Moving On Up

Category: Gary's Column 28 0
In this issue we dive into the laws and guidelines that keep you and your pets safe. Here, SDHS Vice President for Community Response and Chief of Humane Law Enforcement Steve MacKinnon is featured with his own dog, Cricket, at Presidio Park in Old Town. For more on pet laws, check out the feature in this issue. Photo by Paul Body.

When San Diego Humane Society was awarded the animal services contracts for Carlsbad, Del Mar, Encinitas, San Diego, Santee and Solana Beach—on top of the six we were already serving—we knew we’d have to hit the ground running. We hired more than 200 new employees to prepare for the expansion and worked diligently to get everybody trained in time. It was amazing to see the way our veterans stepped up to help the new employees, but while we’re acclimating to so many new faces—thank heavens for nametags!

The expansion has been a lot of work, and with more animals than ever in our care, it’s meant a gigantic change in our day-to-day functioning. For instance, we opened a new call center so that we can be a resource to the community for all pet-related needs. We were impressed by the wide range of calls that came in—everything from “My neighbor’s dog won’t stop barking” to “There’s a litter of bunnies on my lawn.” Everyone jumped in to offer their time and expertise, and staffing the resource center is now a campus-wide effort.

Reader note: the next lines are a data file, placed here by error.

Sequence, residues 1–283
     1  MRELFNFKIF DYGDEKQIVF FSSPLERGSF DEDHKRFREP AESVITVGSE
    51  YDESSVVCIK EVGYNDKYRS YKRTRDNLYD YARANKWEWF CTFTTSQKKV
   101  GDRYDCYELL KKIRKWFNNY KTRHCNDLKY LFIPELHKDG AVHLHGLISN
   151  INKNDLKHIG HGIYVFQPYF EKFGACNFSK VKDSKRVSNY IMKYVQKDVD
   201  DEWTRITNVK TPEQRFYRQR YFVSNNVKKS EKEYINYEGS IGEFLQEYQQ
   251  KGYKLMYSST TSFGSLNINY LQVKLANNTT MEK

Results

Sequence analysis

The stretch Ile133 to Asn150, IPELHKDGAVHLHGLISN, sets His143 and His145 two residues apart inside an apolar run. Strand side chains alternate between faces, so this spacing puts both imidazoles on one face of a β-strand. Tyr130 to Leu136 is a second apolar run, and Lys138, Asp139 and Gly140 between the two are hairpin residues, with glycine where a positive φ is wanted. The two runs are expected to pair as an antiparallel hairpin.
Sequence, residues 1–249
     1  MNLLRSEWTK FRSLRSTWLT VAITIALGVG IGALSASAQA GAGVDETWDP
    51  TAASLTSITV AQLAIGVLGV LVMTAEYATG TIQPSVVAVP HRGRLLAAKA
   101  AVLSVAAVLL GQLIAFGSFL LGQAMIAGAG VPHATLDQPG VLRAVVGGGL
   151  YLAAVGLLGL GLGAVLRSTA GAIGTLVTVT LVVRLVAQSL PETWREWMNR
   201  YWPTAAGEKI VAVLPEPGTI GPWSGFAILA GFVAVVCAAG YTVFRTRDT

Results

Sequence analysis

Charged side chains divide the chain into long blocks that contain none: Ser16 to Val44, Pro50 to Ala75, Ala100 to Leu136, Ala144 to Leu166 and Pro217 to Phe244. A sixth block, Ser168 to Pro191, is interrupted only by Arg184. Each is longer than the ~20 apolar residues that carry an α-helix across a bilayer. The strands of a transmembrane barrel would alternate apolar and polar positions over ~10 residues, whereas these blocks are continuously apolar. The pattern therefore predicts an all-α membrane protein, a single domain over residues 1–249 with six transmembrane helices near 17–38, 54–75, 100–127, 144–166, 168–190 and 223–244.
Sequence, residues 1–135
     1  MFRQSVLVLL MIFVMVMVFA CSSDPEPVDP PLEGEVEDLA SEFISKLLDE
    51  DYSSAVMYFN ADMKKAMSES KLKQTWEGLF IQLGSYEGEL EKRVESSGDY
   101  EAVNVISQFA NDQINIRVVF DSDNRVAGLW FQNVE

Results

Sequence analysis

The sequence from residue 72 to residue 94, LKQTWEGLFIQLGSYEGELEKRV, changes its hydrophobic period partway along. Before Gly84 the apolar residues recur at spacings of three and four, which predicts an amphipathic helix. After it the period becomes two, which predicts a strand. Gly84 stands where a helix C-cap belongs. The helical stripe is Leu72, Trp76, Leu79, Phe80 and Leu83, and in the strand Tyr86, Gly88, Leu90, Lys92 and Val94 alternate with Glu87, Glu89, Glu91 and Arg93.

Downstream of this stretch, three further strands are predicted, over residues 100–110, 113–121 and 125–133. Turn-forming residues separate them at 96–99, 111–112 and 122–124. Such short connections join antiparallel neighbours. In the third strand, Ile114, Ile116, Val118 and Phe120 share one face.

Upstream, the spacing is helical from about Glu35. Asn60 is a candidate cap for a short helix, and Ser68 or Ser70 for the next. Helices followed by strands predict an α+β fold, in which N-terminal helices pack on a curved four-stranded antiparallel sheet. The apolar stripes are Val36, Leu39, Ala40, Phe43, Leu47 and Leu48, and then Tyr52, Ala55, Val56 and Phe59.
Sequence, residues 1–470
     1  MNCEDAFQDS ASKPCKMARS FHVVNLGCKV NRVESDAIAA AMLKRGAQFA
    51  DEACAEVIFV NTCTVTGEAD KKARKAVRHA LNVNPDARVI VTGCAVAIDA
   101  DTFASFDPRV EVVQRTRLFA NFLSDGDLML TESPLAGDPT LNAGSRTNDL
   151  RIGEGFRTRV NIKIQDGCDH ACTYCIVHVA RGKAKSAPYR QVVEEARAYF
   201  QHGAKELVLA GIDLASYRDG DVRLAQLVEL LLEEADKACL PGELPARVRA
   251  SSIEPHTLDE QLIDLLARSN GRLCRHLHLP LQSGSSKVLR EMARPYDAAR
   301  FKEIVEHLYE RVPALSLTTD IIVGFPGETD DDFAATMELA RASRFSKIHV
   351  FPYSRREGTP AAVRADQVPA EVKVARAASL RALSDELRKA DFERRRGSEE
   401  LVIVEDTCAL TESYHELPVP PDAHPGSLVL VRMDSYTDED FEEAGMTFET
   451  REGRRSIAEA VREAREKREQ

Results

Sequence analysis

We took in 3,450 animals in July alone. The top reason given when a person can’t keep their pets is the cost of veterinary care, but one opportunity presented by this is introducing more people to PAWS San Diego, our program that takes some of the financial burden off low-income San Diegans. While we can’t pay for everyone’s veterinary expenses, we can certainly help by providing critical care vouchers for local vets and using our CARE program for emergencies. These are just a few of the alternatives to pet
relinquishment we offer.

We’ve also taken over pet licensing for most of the county. Licensing helps keep pets safe and can help reunite lost pets with their owners. Now residents in our 12 contract cities can renew licenses online using PetHub, a service that provides a tag with a QR code.

We did not take the decision to care for 20,000 more animals and about a million more people lightly. Our mission is to be the safety net for San Diego County. As the official “third most pet-friendly city in the country,” we can’t afford to drop the ball on offering the resources people need to keep their pets—especially since we want to vie for first place!

 

Gary Weitzman, DVM, MPH, CAWA
President and CEO
San Diego Humane Society

 


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